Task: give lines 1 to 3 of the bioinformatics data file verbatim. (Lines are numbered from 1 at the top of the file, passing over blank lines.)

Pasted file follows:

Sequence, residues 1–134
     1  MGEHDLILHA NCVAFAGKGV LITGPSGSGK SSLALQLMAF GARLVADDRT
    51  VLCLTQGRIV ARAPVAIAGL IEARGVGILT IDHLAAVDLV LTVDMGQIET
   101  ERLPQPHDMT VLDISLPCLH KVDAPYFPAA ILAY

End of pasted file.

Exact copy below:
Sequence, residues 1–134
     1  MGEHDLILHA NCVAFAGKGV LITGPSGSGK SSLALQLMAF GARLVADDRT
    51  VLCLTQGRIV ARAPVAIAGL IEARGVGILT IDHLAAVDLV LTVDMGQIET